Mission: To gather Intelligence from the surrounding community. Destination: Pennsylvania Dutch Country. Time Frame: a few day-off Mondays in June -- for two intrepid PHMC tour guides. The following is a reconnaissance report from the local tourism industry in Lancaster County, Pennsylvania, written by two operatives working in the field. It was initiated by several factors, including investigating the recent down-economy/increased-gas-price-induced phenomenon known as "staycations." Our foremost motivation was after having heard a co-worker say to some visitors, "Oh, don't go there -- that's too [Fill-in-the-Blank]...." This event provoked us to ask one another, "Have we at times said something similar?" We took a deep breath and muttered, "Er, ah, hhhmmm, sadly, maybe we have." It is possible the trip became a kind of Redemptive Pilgrimage.

Truth be told, part of the impetus for the exploration was that we were looking for ways to better serve our visitors to Landis Valley Museum. Many, many times we are asked for recommendations for everything from places to eat, to other attractions to visit. So, uniformed in Landis Valley Museum polo shirts, your Adventurous Authors equipped themselves for the expedition with our passports to a "foreign land," the Pennsylvania Dutch Convention and Visitors Bureau Hospitality Books and set out to seek truth and enlightenment -- or a reasonable facsimile. Oh, what a nice perk the Hospitality Books turned out to be. (For those of you unfamiliar with this perk, they are small booklets with spaces for all the participating members in the Bureau. Employees are given them in late Spring and encouraged to visit other sites or businesses for free, or to be given a free sample of product.)

Craig and I were surprised at the very warm reception by other folks working in the tourism industry -- after telling hosts at the sites we visited where we worked. Several told us, "Thanks for visiting us. We will definitely recommend Landis Valley to our guests!" THAT made us feel like our time was well spent. To borrow an old phrase, maybe we won some "hearts and minds."

Among the significant "historic" sites that we visited were The Amish Experience, The Amish Farm, The Amish Village, Hans Herr House, and The Mennonite Information Center. www.mennoniteinfoctr.com/ Of course as amateur anthropologists we also dined on some local fare with the discounts offered in the PDCVB Hospitality Books. We must be truthful, though maybe a bit biased... NONE can beat the cooking of Landis Valley's food guru Tom Martin! (Tom is the author of the recently re-issued Landis Valley Cookbook.)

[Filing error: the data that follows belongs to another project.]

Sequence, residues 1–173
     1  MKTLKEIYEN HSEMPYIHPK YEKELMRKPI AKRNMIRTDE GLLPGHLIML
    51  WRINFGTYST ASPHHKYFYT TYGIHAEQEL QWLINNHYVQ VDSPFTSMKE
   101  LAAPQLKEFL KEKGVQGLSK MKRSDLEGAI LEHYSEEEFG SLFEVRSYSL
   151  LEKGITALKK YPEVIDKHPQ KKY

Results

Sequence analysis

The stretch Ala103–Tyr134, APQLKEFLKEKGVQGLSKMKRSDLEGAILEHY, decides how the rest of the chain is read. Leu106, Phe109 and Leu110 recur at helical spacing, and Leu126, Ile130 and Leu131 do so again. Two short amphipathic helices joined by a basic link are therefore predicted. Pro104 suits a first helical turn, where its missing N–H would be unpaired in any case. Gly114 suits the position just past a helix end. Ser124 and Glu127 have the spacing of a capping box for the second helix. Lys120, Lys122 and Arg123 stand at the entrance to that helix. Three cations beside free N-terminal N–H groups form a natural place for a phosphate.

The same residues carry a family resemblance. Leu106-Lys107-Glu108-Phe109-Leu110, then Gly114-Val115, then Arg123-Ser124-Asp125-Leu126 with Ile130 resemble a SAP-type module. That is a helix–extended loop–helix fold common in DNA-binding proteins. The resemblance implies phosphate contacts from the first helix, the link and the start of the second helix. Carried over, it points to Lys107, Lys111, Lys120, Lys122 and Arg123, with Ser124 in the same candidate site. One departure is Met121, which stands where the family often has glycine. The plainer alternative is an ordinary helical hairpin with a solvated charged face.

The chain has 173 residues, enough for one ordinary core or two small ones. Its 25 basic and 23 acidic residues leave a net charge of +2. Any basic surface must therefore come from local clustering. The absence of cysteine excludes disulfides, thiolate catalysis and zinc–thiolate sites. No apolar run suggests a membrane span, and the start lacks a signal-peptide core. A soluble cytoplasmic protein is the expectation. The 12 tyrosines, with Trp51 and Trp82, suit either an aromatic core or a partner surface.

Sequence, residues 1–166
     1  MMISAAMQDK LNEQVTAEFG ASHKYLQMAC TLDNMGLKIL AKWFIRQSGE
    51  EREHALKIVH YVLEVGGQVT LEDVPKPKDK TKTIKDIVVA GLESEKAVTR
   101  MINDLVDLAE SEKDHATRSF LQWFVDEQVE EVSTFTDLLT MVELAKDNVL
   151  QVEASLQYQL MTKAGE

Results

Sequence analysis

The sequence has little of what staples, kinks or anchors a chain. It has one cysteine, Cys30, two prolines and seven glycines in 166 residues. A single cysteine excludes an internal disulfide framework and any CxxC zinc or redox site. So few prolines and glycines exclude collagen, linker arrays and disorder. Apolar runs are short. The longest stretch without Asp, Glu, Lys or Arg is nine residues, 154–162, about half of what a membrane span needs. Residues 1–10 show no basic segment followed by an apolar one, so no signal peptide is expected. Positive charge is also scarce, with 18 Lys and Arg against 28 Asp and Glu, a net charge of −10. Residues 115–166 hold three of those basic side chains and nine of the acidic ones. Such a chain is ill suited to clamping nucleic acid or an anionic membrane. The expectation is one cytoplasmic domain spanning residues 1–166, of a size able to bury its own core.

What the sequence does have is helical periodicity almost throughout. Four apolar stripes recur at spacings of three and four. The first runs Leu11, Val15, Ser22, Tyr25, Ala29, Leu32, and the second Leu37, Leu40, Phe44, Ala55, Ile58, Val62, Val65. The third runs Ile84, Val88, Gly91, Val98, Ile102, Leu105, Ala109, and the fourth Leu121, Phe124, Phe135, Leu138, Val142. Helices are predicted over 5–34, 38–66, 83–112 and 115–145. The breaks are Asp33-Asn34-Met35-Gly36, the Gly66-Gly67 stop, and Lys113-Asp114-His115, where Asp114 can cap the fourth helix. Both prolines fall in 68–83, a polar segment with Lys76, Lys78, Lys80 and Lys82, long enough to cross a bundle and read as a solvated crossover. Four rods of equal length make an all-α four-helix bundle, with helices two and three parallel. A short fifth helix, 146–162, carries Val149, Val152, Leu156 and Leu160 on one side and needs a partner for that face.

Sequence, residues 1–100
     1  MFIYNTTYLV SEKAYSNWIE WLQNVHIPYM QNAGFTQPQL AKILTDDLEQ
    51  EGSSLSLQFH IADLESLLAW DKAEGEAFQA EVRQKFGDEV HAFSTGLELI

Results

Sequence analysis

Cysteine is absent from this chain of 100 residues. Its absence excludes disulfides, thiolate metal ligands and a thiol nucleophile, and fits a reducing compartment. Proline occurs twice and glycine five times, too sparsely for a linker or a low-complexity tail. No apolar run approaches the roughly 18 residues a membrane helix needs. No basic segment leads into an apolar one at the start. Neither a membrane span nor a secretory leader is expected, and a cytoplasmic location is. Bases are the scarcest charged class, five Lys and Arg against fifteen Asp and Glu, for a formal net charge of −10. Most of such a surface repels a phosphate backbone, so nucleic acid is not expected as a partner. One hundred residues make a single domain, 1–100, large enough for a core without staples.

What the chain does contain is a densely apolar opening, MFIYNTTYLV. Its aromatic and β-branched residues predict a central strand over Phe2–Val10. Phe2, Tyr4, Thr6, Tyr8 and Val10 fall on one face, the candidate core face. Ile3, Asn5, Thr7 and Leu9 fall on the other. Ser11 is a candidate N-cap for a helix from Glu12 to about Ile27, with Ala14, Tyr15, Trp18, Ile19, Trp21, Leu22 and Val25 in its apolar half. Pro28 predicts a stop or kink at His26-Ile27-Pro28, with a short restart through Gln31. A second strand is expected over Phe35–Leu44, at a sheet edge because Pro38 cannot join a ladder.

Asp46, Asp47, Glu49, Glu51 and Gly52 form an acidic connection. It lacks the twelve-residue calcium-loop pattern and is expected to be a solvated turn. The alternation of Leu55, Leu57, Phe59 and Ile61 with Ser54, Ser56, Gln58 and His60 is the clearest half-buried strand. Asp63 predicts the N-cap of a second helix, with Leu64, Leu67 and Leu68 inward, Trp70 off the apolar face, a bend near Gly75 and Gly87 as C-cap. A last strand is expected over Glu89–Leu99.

Jim looking at a chest dated 1737 at Hans Herr House.
We had both visited Hans Herr House in the past, but feel the need to re-fresh ourselves occasionally at "ground zero," if you will. As an aside, 2010 marks the 300th anniversary of the first Mennonites to the area that would become Lancaster County. The Hans Herr House dates to 1719! The site is owned and operated by the Lancaster Mennonite Historical Society. Herr House's staff continue to do a great job of telling the story of this important immigrant group to the region and interpreting a wonderful still-standing piece of the past. We assured our hosts that we always recommend their site to our visitors, especially to those who seem truly curious, have a keen interest in the past, or would appreciate hearing about a distinctive Lancaster group in "their own voice."

In all fairness, The Amish Village and The Amish Farm tell a different story than we do at LVM, but we observed closely the other visitors on the tours; they seemed to find it interesting and clearly a need was filled. At one site the guide pulled us aside at tour's end and asked us, "How did I do? I'd really like your input." We were gracious and told him all seemed fine and that we appreciated his efforts, and his asking for our input. In essence, we felt "proud" that Landis Valley's reputation is such as to have warranted his request.

We believe that some Lancaster County visitors might find it difficult to find “one stop shopping” place that describes differences, or subtleties in the cultural and theological aspects of the county's religious denominations. As historians, if you will, and since Craig is a photographer, both of us were very impressed with the two films shown at the Mennonite Information Center at Millstream Road and U.S. Route 30 (or as we like to say to our visitors, "If you pass the Starbucks you've gone too far."). These wonderful multi-media presentations offer a very good introduction to the spiritual communities in a simple and aesthetically pleasing manner. Craig found the photography absolutely first rate. This place is now at the top of our list of recommendations.

In closing, we agreed that the PHMC's Landis Valley Museum certainly is an outstanding value. The other sites fill a narrow niche, but Landis Valley Museum offers a comprehensive Pennsylvania Dutch experience. Through this travel we gained more confidence in providing answers and guidance to our visitors, and are also now better tourism industry "citizens" and team members. Oh, and we had fun, too!

P.S. Our trip concluded in June. Very recently a German man and his family came to visit Landis Valley (not an uncommon summer occurrence!). He saw Craig (a German university trained speaker, former High School language teacher and long-time student of Pennsylvania German) and asked in his native tongue, "Are you Craig?" As it turns out, the fellow mentioned above that had requested our input regarding his interpretation had kept Craig's business card and when this family visited him he strongly urged them to take a trip to Landis Valley Museum. Upon arrival our supervisor told the family where to find Craig. So, it appears that the "good neighbor policy" put into action by Craig and I has borne some beautiful fruit.